The comments were outlined by Han Junliang, board chairman and CEO of Sinovel, at a a ceremony in Beijing to sign a strategic cooperation agreement with China Development Bank (CDB).
Under the agreement, CDB will extend $6.5billion medium- and long-term loans to Sinovel to support the turbine giant’s globalization drive.
By the end of June 2010, CDB had a foreign exchange loan balance of $100 billion to become China’s largest bank for overseas investment and financing cooperation.
In 2009, Sinovel had 3.51GW turbines installed in China (2,294 units of 1.5MW turbines and 23 units of 3MW turbines), totaling 25.5 percent of the newly installed wind turbine capacity in the country.
This amounted to 9.2 percent of the world market share, third largest in the world, after Vestas andGE.
By the end of 2009, Sinovel had 5.658GW turbines installed, totaling 21.9% of the Chinese market, the largest in the country.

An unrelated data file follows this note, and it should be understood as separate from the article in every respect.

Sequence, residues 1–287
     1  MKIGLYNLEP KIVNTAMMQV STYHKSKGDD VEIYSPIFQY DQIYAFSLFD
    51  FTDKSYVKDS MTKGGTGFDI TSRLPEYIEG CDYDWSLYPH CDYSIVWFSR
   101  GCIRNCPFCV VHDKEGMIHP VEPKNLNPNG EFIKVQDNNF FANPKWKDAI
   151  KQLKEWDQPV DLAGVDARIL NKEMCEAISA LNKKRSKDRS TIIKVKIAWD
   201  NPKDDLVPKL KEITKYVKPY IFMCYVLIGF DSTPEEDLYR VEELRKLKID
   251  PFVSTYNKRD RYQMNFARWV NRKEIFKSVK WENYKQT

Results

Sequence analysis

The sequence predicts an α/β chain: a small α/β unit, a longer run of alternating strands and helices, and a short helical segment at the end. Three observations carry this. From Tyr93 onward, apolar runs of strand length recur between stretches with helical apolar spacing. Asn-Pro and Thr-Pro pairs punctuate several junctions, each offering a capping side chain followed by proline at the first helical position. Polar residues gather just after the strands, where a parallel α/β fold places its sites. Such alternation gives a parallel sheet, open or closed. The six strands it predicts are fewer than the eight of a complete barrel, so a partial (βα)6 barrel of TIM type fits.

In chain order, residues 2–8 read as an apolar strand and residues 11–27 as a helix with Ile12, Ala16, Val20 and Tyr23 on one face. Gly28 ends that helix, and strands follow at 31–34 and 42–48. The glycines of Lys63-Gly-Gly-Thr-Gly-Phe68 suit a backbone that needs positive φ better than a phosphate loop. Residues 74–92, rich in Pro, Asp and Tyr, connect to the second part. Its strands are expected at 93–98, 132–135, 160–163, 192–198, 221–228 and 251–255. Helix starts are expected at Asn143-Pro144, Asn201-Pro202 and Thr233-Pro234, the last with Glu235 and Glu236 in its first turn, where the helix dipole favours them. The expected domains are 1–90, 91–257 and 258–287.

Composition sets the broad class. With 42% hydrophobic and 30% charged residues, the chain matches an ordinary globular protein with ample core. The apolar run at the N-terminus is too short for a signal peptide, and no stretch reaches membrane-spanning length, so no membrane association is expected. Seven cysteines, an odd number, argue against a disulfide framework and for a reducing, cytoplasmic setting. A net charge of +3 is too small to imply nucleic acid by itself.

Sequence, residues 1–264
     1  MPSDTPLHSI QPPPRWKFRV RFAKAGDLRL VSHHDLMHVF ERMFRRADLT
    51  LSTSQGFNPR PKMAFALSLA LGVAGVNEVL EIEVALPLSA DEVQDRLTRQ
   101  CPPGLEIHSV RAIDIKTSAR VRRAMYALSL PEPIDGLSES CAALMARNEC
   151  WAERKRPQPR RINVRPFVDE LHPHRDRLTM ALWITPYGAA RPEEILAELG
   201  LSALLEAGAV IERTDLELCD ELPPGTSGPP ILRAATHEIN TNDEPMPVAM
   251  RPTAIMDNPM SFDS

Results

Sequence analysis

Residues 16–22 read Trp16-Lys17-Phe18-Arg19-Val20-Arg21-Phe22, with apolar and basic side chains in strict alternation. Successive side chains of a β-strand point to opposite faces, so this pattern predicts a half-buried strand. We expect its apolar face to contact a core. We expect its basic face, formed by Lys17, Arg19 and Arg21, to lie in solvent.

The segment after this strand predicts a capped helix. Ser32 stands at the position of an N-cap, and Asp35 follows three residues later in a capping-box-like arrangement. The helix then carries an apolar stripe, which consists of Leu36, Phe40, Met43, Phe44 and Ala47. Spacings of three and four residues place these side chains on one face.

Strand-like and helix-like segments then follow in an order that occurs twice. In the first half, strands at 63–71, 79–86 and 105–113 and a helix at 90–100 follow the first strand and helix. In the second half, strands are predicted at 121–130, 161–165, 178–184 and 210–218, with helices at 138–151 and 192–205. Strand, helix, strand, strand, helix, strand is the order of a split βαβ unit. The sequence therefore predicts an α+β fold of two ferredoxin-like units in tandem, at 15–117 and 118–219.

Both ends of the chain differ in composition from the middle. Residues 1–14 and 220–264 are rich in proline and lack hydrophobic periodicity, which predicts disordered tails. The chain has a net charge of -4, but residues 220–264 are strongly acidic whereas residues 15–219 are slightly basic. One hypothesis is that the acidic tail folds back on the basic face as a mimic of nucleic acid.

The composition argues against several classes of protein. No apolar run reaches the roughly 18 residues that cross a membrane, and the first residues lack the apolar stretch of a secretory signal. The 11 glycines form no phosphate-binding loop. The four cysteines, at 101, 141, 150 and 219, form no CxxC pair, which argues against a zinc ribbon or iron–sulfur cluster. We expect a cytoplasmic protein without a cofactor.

Sinovel, established in 2006, has a turbine production base in Liaoning, Jiangsu, Gansu and Inner Mongolia. Its localization rate for the 1.5MW turbines is above 90 percent, and that for 3MW turbines is above 80 percent, the highest in the country.
It will roll 5MW offshore wind turbine off the production line in east China’s Jiangsu base in the fourth quarter this year. The company also plans to produce 3,500 units of 1.5MW turbines and 200-300 units of 3MW turbines this year.
In 2009, Sinovel exported 10 units of 1.5MW turbines to India. It is planning to set up business centres in Europe and North America, respectively.
China aims to have 150GW installed wind power capacity.